They could, how­ever, talk about peace be­cause none of the above mat­tered on Mon­day. Nei­ther Ne­tanyahu nor Kush­ner were go­ing to let Gaza or Ab­bas rain on their cel­e­bra­tion in Jerusalem. For Ne­tanyahu, the mov­ing of the US Em­bassy was a new jewel on his crown, if not a whole new crown. Fi­nally, af­ter years of clash­ing with US pres­i­dents, he showed the world that he not only knows how to work with one, but he can also win sig­nif­i­cant and strategic achieve­ments for Is­rael.

For Trump, it was about show­ing the Amer­i­can peo­ple that he is a pres­i­dent who keeps his prom­ises. That was ex­actly the tone of the White House’s press re­lease on Mon­day’s cer­e­mony: “Pres­i­dent Don­ald J. Trump Keeps His Prom­ise To Open US Em­bassy In Jerusalem, Is­rael.”

What could have been dif­fer­ent was the way Is­rael, and specif­i­cally the IDF, han­dled the pub­lic re­la­tions of the Gaza vi­o­lence. It was an un­for­tu­nate fail­ure with barely even a sin­gle main­stream news or­ga­ni­za­tion adopt­ing the Is­raeli nar­ra­tive of what hap­pened in Gaza.

It’s true that, to be­gin with, ex­pec­ta­tions were low. What hap­pened on Mon­day was the per­fect storm for neg­a­tive news cov­er­age. It was a com­bi­na­tion of anti-Trump bias with anti-Is­rael bias and there is noth­ing – but the com­bi­na­tion of these two – to bring out the worst in the foreign press.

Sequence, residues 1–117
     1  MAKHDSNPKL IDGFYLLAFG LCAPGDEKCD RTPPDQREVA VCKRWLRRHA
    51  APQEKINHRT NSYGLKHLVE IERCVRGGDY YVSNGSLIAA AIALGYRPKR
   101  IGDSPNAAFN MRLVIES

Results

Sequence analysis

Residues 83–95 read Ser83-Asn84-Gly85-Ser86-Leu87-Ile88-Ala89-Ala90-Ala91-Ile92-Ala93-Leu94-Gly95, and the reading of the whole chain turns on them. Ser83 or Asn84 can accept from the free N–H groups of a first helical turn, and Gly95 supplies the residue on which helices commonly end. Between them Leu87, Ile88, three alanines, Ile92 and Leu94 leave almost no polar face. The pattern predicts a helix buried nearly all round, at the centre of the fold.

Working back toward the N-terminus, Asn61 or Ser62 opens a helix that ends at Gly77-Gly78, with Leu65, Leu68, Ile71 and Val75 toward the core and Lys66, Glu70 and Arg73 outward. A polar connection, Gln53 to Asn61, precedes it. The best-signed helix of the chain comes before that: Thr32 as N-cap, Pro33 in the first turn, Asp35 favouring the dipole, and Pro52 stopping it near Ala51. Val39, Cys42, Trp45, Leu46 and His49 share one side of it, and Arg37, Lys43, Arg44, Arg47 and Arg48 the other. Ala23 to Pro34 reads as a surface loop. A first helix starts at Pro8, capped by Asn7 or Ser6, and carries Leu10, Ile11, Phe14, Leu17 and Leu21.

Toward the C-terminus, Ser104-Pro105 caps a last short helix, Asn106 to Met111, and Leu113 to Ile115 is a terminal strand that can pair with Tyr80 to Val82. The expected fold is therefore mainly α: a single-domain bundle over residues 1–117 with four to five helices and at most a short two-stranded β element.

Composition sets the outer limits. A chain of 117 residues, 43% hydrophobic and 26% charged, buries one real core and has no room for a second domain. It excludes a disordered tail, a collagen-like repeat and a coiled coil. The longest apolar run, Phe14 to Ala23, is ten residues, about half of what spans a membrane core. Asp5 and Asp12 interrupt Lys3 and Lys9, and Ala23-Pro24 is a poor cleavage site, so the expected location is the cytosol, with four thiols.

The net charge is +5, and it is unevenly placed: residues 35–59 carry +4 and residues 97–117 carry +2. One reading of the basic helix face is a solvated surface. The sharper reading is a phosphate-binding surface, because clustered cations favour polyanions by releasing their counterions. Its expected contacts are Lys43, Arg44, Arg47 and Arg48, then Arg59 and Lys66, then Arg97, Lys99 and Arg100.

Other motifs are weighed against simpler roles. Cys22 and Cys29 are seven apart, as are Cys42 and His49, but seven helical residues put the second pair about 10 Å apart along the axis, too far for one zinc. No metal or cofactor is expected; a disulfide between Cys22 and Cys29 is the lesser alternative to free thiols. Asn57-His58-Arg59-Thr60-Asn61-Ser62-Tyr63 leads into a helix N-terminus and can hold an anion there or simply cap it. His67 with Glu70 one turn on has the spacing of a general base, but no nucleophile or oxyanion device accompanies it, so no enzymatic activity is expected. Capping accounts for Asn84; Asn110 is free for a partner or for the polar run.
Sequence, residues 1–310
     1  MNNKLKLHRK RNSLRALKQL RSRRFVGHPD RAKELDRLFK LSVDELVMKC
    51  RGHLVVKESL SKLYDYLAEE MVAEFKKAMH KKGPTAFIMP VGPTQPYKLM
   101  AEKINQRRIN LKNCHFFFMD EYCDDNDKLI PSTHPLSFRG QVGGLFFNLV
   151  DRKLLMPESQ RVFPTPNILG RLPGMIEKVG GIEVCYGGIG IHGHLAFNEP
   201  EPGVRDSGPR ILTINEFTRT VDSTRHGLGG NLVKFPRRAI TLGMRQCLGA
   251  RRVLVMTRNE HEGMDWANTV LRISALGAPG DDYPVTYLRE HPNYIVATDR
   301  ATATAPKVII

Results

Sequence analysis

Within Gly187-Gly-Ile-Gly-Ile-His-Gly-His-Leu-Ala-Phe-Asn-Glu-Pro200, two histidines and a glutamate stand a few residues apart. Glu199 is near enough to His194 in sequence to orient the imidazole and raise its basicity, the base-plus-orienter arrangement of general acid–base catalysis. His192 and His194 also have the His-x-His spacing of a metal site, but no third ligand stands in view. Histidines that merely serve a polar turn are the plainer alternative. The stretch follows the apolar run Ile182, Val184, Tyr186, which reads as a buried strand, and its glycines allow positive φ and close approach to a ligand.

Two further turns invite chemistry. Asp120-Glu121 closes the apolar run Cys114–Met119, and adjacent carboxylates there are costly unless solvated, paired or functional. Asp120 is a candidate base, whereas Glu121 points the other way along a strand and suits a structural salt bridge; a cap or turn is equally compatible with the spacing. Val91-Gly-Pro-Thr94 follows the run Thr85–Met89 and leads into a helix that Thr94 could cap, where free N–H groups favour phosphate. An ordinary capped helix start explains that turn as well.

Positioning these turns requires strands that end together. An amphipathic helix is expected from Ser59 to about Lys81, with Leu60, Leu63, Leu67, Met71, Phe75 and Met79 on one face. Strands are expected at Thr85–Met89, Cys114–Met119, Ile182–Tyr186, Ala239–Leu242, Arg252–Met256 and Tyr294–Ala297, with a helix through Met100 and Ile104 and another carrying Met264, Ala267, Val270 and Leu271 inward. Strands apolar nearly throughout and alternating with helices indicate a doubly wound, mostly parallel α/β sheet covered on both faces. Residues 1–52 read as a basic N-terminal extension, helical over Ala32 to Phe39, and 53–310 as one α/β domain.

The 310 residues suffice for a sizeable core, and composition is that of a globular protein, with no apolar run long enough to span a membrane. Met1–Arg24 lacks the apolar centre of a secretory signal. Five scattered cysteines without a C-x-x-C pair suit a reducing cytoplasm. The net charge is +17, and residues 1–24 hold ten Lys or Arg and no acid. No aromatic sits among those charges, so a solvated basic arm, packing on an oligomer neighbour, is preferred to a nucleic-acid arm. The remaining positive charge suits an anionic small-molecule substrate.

It is also true that most of the me­dia and the world fail to un­der­stand a sim­ple fact: If Is­rael had not used force to stop the Pales­tini­ans try­ing to storm the border fence, the ca­su­alty toll would have been far worse than it was. If even 1,000 Pales­tini­ans suc­ceeded in cross­ing the border, they could have ended up – af­ter a short run – in­side one of the nearby Is­raeli com­mu­ni­ties where the IDF would have been forced to use even greater force to stop them.